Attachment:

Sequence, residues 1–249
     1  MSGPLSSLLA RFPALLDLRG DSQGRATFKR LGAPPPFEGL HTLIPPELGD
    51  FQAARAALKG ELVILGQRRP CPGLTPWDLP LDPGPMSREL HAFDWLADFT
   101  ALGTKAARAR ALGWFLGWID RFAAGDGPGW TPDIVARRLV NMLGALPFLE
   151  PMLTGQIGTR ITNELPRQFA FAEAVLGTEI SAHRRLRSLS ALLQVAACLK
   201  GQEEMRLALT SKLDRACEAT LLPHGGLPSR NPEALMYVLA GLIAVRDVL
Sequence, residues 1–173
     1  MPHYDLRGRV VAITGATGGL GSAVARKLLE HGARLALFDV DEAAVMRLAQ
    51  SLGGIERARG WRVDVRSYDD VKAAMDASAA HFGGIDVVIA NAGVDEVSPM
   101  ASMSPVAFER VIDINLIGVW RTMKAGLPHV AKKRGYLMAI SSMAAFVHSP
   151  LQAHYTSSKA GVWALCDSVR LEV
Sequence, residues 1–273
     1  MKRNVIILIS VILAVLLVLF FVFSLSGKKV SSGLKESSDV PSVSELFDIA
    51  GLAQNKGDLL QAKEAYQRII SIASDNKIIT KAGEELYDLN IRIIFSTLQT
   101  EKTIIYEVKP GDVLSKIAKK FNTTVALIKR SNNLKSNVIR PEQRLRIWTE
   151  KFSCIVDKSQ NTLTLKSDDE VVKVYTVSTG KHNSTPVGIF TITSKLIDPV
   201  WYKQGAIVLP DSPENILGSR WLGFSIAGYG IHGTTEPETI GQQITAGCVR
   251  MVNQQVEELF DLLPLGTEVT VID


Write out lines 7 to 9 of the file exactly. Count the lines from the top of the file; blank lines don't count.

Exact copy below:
Sequence, residues 1–173
     1  MPHYDLRGRV VAITGATGGL GSAVARKLLE HGARLALFDV DEAAVMRLAQ
    51  SLGGIERARG WRVDVRSYDD VKAAMDASAA HFGGIDVVIA NAGVDEVSPM